EspañolImagine that you are enjoying your brand new home; not only is it the best one you have ever had, it came free, a gift from the revolution. You are relaxing, thinking about how good living in socialism can be, when suddenly someone breaks into your home and forces you to leave, claiming that your house is now his house.
Welcome to Venezuela’s socialism, where private property remains an old memory, and the failure of institutions and the weakening of the rule of law has taken over a country where the law of the strong prevails.
Venezuela is no stranger to housing shortages. Even before 2011, when Hugo Chávez created the welfare program Misión Vivienda — free houses to those in need — the situation was already critical. With more than two million people living in overcrowded shanty houses, it was no surprise when the state couldn’t fulfill their housing demands.
However, after years of no solution to their problems, many of these people decided to wait no longer, and grab with their own hands what the state had failed to provide. In this manner, invasions of private property have became more and more common in Venezuela.
In March, the government was about to finish the second stage of construction for a housing complex called “Ciudad Betania,” located in Ocumare del Tuy. This area in Miranda state is characterized by extreme poverty and high crime rates, and the central government was set to assign remaining apartments to police officials and members of the military (those not already slated for eligible recipients). Adjoining communities started to protest and demand new houses for themselves, claiming they were also a priority. Given the absence of a state response, many of them decided to make these new shiny apartments their new homes. Without even caring if these buildings didn’t have stairs yet, much less an elevator, they climbed up the walls and grabbed the first ones they could.
Last month Aporrea, a website where Chavismo supporters post articles praising the revolution but also denouncing its internal “irregularities,” released an open letter by workers from Mercal — the state food program. According to the letter, these workers were the beneficiaries for the first stage of this housing complex, and police officers and members of the military were supposed to move in during the second stage. However, one day, while they were enjoying the marvels of socialism in their free, new houses, they were suddenly kicked out of their apartments by groups who entered illegally and claimed that “they were first” in the long waiting list to receive a free state house.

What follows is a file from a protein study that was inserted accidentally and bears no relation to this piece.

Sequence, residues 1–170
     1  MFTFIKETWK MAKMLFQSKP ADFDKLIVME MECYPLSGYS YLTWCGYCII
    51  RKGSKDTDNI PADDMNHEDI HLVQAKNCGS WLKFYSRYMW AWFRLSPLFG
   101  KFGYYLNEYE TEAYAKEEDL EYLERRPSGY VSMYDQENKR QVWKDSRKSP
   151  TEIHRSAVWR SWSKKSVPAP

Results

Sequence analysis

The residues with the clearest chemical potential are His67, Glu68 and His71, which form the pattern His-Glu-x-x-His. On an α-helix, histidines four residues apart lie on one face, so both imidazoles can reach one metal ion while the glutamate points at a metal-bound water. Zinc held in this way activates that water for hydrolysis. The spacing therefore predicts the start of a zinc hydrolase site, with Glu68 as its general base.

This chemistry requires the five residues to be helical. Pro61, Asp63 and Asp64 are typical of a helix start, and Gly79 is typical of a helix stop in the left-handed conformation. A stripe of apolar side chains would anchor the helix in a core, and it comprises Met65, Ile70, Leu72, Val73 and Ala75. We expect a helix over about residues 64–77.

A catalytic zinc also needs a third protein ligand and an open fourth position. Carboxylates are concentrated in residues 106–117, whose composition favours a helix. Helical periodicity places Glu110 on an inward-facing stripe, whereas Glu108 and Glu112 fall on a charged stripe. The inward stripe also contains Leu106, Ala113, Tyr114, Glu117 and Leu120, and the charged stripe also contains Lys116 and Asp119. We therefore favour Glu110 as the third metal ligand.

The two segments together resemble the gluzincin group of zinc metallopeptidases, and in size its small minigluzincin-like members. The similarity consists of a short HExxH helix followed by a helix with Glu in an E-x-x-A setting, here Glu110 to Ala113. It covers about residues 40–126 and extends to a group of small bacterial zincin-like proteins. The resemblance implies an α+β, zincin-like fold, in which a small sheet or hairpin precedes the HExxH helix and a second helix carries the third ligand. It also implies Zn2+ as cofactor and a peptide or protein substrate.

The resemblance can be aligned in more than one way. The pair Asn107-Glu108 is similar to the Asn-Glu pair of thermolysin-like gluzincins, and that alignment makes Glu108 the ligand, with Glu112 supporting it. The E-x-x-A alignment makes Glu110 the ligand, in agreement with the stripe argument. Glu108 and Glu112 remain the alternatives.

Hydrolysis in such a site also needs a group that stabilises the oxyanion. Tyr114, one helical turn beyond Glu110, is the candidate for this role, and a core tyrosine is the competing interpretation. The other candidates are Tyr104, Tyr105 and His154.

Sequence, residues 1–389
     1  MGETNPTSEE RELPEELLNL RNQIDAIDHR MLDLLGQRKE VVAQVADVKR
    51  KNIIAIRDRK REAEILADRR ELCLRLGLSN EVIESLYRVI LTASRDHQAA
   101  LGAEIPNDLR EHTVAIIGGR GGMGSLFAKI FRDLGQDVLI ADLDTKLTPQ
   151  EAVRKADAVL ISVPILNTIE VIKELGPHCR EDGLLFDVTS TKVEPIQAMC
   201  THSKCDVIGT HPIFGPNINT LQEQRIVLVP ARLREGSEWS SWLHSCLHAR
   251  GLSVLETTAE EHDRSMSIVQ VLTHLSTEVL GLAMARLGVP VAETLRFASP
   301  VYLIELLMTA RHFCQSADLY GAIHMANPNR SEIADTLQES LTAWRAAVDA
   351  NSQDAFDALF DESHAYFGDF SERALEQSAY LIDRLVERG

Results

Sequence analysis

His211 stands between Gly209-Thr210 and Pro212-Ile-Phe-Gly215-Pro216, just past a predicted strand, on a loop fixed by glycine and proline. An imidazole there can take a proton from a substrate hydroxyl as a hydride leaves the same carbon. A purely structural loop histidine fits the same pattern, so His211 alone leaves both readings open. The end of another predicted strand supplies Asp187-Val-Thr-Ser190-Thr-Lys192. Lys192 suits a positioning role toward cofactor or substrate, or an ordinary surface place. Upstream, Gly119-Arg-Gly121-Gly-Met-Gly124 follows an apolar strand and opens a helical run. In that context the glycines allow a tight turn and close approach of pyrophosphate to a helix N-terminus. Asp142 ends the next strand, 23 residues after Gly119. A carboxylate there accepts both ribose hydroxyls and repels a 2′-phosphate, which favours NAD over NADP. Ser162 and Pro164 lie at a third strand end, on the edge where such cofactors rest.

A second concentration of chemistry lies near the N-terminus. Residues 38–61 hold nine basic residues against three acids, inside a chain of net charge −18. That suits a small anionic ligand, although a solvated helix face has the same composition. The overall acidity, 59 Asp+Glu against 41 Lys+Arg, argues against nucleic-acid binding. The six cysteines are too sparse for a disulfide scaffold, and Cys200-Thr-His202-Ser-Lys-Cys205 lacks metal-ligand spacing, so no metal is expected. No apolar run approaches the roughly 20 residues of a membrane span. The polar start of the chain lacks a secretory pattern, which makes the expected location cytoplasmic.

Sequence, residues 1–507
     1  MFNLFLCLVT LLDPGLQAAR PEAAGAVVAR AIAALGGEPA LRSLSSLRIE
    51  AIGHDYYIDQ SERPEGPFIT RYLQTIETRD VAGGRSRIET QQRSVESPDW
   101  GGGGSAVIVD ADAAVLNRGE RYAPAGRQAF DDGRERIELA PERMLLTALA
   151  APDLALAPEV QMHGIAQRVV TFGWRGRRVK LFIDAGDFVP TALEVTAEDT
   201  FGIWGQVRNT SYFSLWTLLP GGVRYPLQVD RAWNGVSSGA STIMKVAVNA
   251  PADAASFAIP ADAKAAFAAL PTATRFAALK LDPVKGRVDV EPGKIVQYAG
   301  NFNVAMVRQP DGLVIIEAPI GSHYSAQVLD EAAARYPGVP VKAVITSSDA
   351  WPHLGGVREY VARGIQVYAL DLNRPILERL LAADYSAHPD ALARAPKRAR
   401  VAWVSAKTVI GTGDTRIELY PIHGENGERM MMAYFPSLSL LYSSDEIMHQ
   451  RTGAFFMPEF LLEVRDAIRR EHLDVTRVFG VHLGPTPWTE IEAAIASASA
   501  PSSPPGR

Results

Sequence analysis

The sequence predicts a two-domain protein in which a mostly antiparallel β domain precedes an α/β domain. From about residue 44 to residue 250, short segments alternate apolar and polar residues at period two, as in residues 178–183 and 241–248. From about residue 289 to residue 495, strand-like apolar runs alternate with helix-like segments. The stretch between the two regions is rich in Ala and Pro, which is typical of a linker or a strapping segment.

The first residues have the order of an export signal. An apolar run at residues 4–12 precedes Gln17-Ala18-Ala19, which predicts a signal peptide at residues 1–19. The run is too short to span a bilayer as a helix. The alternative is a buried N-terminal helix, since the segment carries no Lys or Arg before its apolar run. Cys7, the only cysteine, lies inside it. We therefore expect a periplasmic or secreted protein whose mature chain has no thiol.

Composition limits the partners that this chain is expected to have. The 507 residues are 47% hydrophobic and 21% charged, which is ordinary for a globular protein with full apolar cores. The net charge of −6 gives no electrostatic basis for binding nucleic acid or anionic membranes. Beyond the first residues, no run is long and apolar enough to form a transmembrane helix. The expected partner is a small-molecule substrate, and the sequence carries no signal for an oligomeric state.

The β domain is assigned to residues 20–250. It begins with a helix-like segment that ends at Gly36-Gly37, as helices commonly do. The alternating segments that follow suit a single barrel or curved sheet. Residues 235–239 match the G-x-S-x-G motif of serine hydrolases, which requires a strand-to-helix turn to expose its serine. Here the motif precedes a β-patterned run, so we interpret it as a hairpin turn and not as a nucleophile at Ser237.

Officials from the National Guard and the police showed up to ease the situation and control the rebel groups, but with no apparent success. The guards withdrew from the area, and left the legal inhabitants to deal with their new unfriendly neighbors. Hours later, the owners of the apartments left their homes, scared of being harmed by the invaders.
“We reject acts of vandalism.… that aim to take control of places built by the revolution to dignify the Venezuelan people, and that are based on anarchy and criminal activities,” the letter says.
However, it’s interesting to recall that when Chávez confiscated lands, factories, and buildings that were owned by hard-working individuals who earned what they had through their work, it was “justice.” The notion of private property was buried under Chavez’s new concept of “social redistribution.” But when it’s the same Chavismo supporters who are deprived from their property, by sadly, the same ones who were deceived by populist promises, it’s a “criminal activity.”
When invaders relax in their new brand apartments, they might also think it is good to live in this socialist paradise. I guess that what’s good for the goose is good for the gander.